Sunday, 10 January 2010

In the bleak mid winter, booze and pizzas we buy

A few flakes of snow and we’ve all gone mad. As one of the lucky few who works from home, I’m not getting myself into a state of hysteria about the prospect of a terrible commute, or in anticipation of a skive off work. Instead I have the luxury of sitting at my desk as the snow falls, watching the rest of the world deal with it.

Last year’s deluge was so bad that almost all cars couldn’t navigate many of the roads. For the first time in my living memory the roads were taken back by pedestrians as the undisputed supremacy of the motor car was challenged by the sheer force of nature. People, dressed in attire usually reserved for the slopes of the Alps, milled around rolling up the snow, sliding down it and even more shockingly, speaking to one another as they passed. Anyone with a car that could get around was stopping to offer pedestrians lifts to wherever they needed to go. It was almost as though Victorian Britain had fallen along with the snow.

I had some of the nicest days I can remember in a long time. Snow, much like Christmas, brings out a sense of community, kindness and good will to all men. Last February most of London used it to get a day off work, and then it started to thaw and disappear along with the collective benevolence and unprecedented helpfulness people had shown each other.

This time around the cold snap’s got staying power. The latest forecasts suggest up to another fortnight of these arctic conditions with intermittent flurries of yet more snow. And isn’t it interesting to see how things have changed? The first day of the snow, I watched the other members of my locality relishing the day off and walking up the steep hill to the supermarket. Coming back down with only what they could carry, I couldn’t help but notice every carrier bag had booze in it. And a very large percentage also contained frozen pizzas. Half an hour of larking around in the white stuff seemed to be enough for most who then clearly planned spending the rest of the day on the sofa getting tanked and gorging on junk. How truly British of them.

The following day more roads were gritted and public transport seemed to have recovered. Through social networking, I observed the beginning of the griping. Actually it had started the previous day as those supposedly snowed in whined into cyberspace about bosses who had given them work to do at home. How dare they expect their employees actually to do some work on a work day? The cheek of it.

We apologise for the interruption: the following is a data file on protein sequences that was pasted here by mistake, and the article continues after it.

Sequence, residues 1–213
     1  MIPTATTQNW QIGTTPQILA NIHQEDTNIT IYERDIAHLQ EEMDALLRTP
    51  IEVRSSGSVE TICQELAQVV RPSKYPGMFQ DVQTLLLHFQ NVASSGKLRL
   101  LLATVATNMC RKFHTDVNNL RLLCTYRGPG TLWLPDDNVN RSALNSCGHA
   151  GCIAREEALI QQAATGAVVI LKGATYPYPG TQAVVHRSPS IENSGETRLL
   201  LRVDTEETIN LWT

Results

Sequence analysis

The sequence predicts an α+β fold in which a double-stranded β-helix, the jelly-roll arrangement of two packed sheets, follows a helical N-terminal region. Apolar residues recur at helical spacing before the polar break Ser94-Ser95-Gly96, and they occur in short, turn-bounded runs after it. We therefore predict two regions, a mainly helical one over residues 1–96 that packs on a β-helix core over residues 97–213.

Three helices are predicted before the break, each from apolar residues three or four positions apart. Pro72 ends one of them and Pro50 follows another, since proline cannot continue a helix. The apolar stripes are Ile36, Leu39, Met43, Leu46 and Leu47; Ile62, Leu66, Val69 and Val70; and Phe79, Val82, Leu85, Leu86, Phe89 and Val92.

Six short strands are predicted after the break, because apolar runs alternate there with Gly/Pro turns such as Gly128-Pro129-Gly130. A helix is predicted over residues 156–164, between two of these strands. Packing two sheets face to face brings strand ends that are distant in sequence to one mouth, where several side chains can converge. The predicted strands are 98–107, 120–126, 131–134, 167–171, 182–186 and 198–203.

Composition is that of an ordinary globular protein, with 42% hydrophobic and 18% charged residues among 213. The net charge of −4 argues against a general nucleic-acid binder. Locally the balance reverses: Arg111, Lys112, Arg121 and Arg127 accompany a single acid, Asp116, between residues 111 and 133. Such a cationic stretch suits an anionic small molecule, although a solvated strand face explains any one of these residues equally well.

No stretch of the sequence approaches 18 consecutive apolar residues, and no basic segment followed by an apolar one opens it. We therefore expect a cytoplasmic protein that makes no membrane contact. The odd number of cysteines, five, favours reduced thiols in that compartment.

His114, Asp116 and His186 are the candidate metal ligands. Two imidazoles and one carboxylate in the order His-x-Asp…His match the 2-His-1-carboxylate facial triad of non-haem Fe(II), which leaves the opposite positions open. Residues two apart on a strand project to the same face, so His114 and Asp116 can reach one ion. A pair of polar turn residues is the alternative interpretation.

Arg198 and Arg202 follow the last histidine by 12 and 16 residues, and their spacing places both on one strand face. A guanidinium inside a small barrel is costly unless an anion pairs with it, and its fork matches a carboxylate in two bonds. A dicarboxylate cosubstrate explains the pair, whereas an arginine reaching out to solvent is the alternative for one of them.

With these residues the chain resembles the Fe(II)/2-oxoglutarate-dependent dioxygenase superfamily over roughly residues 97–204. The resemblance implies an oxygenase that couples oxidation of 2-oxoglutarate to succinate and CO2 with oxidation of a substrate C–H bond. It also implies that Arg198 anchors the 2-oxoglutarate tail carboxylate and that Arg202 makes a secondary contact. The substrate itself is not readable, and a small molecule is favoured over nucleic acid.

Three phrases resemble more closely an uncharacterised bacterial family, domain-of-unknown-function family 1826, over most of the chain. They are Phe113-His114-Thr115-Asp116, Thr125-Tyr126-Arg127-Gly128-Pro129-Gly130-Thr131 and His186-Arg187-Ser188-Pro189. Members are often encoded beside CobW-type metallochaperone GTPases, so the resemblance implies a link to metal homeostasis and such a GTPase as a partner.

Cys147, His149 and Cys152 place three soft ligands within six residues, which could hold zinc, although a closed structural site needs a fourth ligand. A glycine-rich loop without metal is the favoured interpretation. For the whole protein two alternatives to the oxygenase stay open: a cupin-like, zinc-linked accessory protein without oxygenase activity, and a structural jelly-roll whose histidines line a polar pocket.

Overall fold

And once everyone had uploaded endless samey pictures of their snowy gardens and them in woolly hats making snowmen, the novelty had well and truly worn off. Now statuses and posts openly whined about the snow. How dare it ruin their plans, stop them going out and getting pissed? Fine when it meant a sneaky day off but as soon as it had the nerve to creep into the weekend, doing totally unreasonable things like cancelling football matches, then it became vilified.

Worse still these morons began to post that they were tired of it. “Snow go away, I’m bored with you now” popped up again and again on my feed. I felt my inner rage bubbling up hot enough to melt any ice.

Are people so stupid and totally self-absorbed that they think their need for constant entertainment is bigger and somehow more important that the weather? I seem to be living among adults who have the attention span of borderline hyperactive children. What amused them for a day is now so boring, so tedious, so yesterday.

I want to scream from the rooftops that the weather is not here to amuse this group of potential ADD sufferers. The climate is something that happens around you. Any insane egotism that leads you to believe your wants and desires are greater than the climate is just that: insane.

So instead of bitching and whining because you can’t go down the local pub to kill off more of your brain cells why don’t you remember the shortlived Blitz spirit? Think about others who really suffering: the elderly too frail to risk going out in the slippery conditions and those shivering because they genuinely can’t afford to turn their heating on, and then consider how selfish and short-sighed your boredom really is. Read more by Rosie.